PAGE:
Soy Food and Breast Cancer
A recent article in JAMA contradicts everything we have been told for years about breast cancer and soy. This study from Shanghai found that women with breast cancer who ate soy-containing foods had a lower risk of recurrence and death. The usual suggestion has been that women who have an ER positive breast cancer should avoid anything but small amounts of soy since it is a plant estrogen. If you enjoy tofu or soy milk or other soy foods, you might want to discuss this finding with your doctor. Here is a summary and the link if you are interested in the whole article:
Soy Food Intake and Breast Cancer Survival
Xiao Ou Shu, MD, PhD
Ying Zheng, MD, MSc
Hui Cai, MD, PhD
Kai Gu, MD
Zhi Chen, MD, PhD
Wei Zheng, MD, PhD
Wei Lu, MD, PhD
Estrogen is believed to play a central role in breast cancer development and progression. Blocking the effect of estrogen, either by inhibiting estrogen action or by reducing estrogen production, has been widely used in breast cancer treatment as an adjuvant therapy. Soy foods are rich in phytoestrogens, mainly in the form of isoflavones, which are natural estrogen receptor modulators that possess both estrogen-like and antiestrogenic properties.
Soy constituents have also been shown to have other anticancer effects, including the inhibition of DNA topoisomerase I and II, proteases, tyrosine kinases, inositol phosphate,and angiogenesis and may also boost immune response and possess antioxidative effects.
Consumption of soy food has been inversely related to the risk of breast cancer in many epidemiological studies. However, genistein, a major form of isoflavone, has been shown to enhance the proliferation of breast cancer cells in vitro and to promote estrogen-dependent mammary tumor growth in ovariectomized rats. In addition, breast cancer treatments often lead to a decrease in the endogenous estrogen supply of survivors, and a concern has been raised as to whether soy isoflavones may exert their estrogenic effects, promote cancer recurrence, and, thus, negatively influence overall survival. Furthermore, both in vivo and in vitro studies have suggested that soy isoflavones may interact with tamoxifen, although both synergistic and antagonistic interactions have been reported.
For editorial comment see p 2483.
Author Affiliations: Division of Epidemiology, Department< of Medicine, Vanderbilt Epidemiology Center and Vanderbilt-Ingram Cancer Center, Vanderbilt University Medical Center, Nashville, Tennessee
(Drs Shu, Cai, Chen, and W. Zheng); and Shanghai
Institute of Preventive Medicine, Shanghai, China
(Drs Y. Zheng, Gu, and Lu).
Corresponding Author: Xiao Ou Shu, MD, PhD, Department of Medicine, Vanderbilt Epidemiology Center, 2525 West End Ave, Ste 600, Nashville, TN 37203-1738 (email@example.com).
Context Soy foods are rich in isoflavones, a major group of phytoestrogens that have been hypothesized to reduce the risk of breast cancer. However, the estrogen-like effect of isoflavones and the potential interaction between isoflavones and tamoxifen have led to concern about soy food consumption among breast cancer patients.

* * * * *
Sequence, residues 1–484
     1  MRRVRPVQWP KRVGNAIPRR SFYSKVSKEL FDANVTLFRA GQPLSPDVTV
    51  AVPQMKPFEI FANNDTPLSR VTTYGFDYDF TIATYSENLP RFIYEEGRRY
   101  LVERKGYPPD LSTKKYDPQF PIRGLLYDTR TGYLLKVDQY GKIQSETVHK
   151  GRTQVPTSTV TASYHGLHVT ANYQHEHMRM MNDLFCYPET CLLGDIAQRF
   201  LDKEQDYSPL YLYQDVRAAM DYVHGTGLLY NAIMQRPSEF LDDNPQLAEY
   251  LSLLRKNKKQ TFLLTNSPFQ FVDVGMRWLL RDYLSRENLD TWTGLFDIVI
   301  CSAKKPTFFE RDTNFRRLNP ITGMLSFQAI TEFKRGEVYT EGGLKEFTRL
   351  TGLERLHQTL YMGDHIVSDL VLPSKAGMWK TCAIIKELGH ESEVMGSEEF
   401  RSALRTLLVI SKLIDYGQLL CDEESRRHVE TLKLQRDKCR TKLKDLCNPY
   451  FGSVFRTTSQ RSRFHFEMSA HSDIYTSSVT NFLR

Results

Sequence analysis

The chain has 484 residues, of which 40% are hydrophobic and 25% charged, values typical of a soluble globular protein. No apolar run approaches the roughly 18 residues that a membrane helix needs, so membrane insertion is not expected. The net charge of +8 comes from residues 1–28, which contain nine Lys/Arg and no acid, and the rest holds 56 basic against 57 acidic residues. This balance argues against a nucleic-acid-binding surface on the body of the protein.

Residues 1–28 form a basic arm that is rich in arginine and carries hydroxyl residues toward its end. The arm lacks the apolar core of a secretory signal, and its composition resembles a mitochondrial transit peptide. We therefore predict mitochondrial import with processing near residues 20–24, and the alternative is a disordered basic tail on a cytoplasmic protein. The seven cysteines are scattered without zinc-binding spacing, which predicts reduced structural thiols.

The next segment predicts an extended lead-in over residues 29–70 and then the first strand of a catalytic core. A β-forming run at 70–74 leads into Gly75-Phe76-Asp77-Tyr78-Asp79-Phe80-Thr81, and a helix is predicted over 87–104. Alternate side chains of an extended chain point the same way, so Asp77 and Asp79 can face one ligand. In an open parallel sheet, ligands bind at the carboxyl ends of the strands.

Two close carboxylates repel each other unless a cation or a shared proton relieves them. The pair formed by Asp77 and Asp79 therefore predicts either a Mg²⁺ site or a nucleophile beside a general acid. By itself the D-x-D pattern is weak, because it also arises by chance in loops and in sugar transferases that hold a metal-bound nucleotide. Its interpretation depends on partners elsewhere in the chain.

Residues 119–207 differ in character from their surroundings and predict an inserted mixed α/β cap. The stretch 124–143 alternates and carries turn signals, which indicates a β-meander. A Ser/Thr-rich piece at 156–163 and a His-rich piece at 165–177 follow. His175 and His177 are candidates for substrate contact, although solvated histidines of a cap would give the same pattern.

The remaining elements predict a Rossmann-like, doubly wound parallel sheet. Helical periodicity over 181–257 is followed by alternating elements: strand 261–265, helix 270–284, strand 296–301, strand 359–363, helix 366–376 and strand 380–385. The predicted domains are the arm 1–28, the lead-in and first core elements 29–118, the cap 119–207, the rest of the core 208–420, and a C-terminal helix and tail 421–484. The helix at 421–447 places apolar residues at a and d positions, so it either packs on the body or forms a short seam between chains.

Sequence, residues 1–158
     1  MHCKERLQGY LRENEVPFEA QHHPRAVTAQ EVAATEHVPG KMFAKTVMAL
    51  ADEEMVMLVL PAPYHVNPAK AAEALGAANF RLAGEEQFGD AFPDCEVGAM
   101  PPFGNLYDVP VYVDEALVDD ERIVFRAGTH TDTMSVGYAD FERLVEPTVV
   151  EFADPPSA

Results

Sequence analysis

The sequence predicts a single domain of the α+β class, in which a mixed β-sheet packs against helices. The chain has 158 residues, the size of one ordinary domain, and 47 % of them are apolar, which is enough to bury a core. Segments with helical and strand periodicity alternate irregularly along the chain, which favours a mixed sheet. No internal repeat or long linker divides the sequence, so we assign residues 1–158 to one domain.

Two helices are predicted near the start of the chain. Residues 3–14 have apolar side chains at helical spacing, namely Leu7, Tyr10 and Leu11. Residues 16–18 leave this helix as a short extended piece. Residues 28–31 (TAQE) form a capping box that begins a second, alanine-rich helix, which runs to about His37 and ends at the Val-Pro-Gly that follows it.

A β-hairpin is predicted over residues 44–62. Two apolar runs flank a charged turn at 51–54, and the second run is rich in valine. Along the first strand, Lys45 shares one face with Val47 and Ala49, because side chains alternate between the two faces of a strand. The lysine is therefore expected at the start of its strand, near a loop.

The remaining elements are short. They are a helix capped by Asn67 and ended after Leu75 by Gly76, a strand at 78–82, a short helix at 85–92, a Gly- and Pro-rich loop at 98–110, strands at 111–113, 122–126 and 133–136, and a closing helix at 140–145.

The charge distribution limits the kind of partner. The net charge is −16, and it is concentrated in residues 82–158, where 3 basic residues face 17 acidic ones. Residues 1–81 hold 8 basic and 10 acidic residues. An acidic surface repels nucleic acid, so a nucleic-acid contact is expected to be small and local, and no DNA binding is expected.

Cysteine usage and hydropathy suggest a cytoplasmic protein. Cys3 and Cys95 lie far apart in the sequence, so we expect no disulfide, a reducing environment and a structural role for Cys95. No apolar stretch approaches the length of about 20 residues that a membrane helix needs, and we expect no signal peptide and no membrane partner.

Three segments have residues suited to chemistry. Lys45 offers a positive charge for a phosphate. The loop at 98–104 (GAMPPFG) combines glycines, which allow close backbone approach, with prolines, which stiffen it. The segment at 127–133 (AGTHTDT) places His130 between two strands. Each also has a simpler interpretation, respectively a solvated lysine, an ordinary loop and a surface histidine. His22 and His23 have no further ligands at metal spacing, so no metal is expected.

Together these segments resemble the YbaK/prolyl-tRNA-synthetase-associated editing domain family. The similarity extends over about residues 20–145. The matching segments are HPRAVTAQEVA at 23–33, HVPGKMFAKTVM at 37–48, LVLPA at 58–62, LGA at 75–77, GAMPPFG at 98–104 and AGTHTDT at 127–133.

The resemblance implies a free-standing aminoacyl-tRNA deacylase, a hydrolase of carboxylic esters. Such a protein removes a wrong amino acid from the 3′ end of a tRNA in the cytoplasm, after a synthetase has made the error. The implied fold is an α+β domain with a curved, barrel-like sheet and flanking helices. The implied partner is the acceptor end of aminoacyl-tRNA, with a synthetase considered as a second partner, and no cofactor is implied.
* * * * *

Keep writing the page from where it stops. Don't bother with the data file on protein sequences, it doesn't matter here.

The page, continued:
Objective To evaluate the association of soy food intake after diagnosis of breast cancer with total mortality and cancer recurrence.
Design, Setting, and Participants The Shanghai Breast Cancer Survival Study, a large, population-based cohort study of 5042 female breast cancer survivors in China. Women aged 20 to 75 years with diagnoses between March 2002 and April 2006 were recruited and followed up through June 2009. Information on cancer diagnosis and treatment, lifestyle exposures after cancer diagnosis, and disease progression was collected at approximately 6 months after cancer diagnosis and was reassessed at 3 follow-up interviews conducted at 18, 36, and 60 months after diagnosis. Annual record linkage with the Shanghai Vital Statistics Registry database was carried out to obtain survival information for participants who were lost to follow-up. Medical charts were reviewed to verify disease and treatment information.
Main Outcome Measures Total mortality and breast cancer recurrence or breast cancer-related deaths. Cox regression analysis was carried out with adjustment for known clinical predictors and other lifestyle factors. Soy food intake was treated as a time-dependent variable.
Results During the median follow-up of 3.9 years (range, 0.5-6.2 years), 444 deaths and 534 recurrences or breast cancer-related deaths were documented in 5033 surgically treated breast cancer patients. Soy food intake, as measured by either soy protein or soy isoflavone intake, was inversely associated with mortality and recurrence. The hazard ratio associated with the highest quartile of soy protein intake was 0.71 (95% confidence interval [CI], 0.54-0.92) for total mortality and 0.68 (95% CI, 0.54-0.87) for recurrence compared with the lowest quartile of intake. The multivariate-adjusted 4-year mortality rates were 10.3% and 7.4%, and the 4-year recurrence rates were 11.2% and 8.0%, respectively, for women in the lowest and highest quartiles of soy protein intake. The inverse association was evident among women with either estrogen receptor-positive or -negative breast cancer and was present in both users and nonusers of tamoxifen.
Conclusion Among women with breast cancer, soy food consumption was significantly associated with decreased risk of death and recurrence.
JAMA. 2009;302(22):2437-2443 www.jama.com
©2009 American Medical Association. All rights reserved. (Reprinted) JAMA, December 9, 2009—Vol 302, No. 22 2437